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Making Security Simple – Key for Securing Your WFH Workforce

Almost all of us are dealing with the unprecedent migration of enabling our workforce to work from home.  For many organizations this is a huge challenge as they lack the technologies and processes to enable this to securely happen.  But even more challenging is for our employees themselves, many of whom may have never worked from home.  For them this is an overwhelming time of confusion as they deal with new technologies, new processes and even new working environments.  Add to the chaos of change is many employees are also supporting working at home spouses or even kids eLearning at home.

To successfully secure such a workforce we have to keep in mind just how difficult this change is for people.  Any new security behaviors, processes or requirements we want to teach have to be as simple as possible.  In academic terms we want to avoid what is called choice overload or cognitive overload.  The human brain can only process and learn so much during a certain period of time, and in many ways people are already overloaded with all the recent change.  As such, we have to teach people as little as possible.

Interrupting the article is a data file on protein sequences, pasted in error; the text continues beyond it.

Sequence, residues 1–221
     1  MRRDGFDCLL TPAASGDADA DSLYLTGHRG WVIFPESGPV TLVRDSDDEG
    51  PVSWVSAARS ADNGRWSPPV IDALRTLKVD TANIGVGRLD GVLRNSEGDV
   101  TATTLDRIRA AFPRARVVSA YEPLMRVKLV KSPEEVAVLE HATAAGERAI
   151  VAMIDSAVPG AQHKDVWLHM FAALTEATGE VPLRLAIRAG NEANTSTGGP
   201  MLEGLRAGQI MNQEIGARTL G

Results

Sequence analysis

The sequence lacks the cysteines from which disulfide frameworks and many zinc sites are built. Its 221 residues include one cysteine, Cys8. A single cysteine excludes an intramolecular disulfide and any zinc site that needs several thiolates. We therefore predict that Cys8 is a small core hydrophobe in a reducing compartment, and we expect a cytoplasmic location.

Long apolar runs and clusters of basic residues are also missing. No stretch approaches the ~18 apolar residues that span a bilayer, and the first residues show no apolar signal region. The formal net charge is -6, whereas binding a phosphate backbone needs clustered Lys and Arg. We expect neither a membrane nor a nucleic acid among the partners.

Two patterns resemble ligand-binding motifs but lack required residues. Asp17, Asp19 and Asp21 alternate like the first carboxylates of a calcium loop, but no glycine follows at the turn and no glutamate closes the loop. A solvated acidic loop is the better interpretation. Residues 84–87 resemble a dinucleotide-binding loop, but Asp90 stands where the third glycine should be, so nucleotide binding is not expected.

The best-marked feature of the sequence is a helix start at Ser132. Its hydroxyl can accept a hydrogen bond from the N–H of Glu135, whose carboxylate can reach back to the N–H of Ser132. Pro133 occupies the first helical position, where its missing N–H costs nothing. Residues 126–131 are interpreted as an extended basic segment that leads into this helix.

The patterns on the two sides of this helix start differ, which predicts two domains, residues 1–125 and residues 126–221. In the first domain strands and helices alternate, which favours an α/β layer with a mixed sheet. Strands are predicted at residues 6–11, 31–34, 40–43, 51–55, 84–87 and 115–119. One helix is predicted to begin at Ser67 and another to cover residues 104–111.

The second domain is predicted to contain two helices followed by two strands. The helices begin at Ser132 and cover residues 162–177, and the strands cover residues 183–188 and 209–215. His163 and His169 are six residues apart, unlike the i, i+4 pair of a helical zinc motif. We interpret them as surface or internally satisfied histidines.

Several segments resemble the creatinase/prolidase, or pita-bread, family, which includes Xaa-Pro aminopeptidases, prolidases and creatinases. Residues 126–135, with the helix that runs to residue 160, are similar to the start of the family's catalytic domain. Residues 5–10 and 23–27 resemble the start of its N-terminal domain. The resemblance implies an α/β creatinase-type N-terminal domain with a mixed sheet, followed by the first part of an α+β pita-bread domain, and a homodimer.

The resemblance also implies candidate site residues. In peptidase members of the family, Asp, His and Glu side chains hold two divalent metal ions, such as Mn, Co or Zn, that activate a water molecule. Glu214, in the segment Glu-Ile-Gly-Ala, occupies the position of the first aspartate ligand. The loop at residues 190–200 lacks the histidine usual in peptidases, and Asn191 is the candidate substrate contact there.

This may sound counter-intuitive to many, especially security professionals who feel we have to address every new risk, which implies we have to communicate and train on as many security behaviors and policies as possible.  But we quickly hit the point of overloading our workforce, basically they dump everything you told them and simply move on.  The key is reducing what you need to teach people to the absolute bare essentials, and then communicate those fundamentals in a super simple way for anyone to understand.  For example, for people working at home the three fundamental risks we recommend you focus on are

  • You: People have become the primary attack vector (phishing email, phone call and text messaging scams, etc).  Teach people what social engineering is and the most common indicators of such an attack.   Especially with WFH workforce - people, and not technology, are your best defense.

  • Passwords: Teach not only what is a good password (hint: passphrases) but how to safely and securely use them.  Remember, both password complexity and password expiration is dead.  Make passwords simple, perhaps even provide password managers for your workforce.

  • Updating:  The most secure devices, programs and mobile apps are updated ones, make sure people keep their systems updated and current.  Promote automatic updating when possible.

Regardless of what you communicate or how, attempt to keep it as short and as simple to consume as possible.  We highly recommend working with your communications and marketing teams, they are experts at this. 

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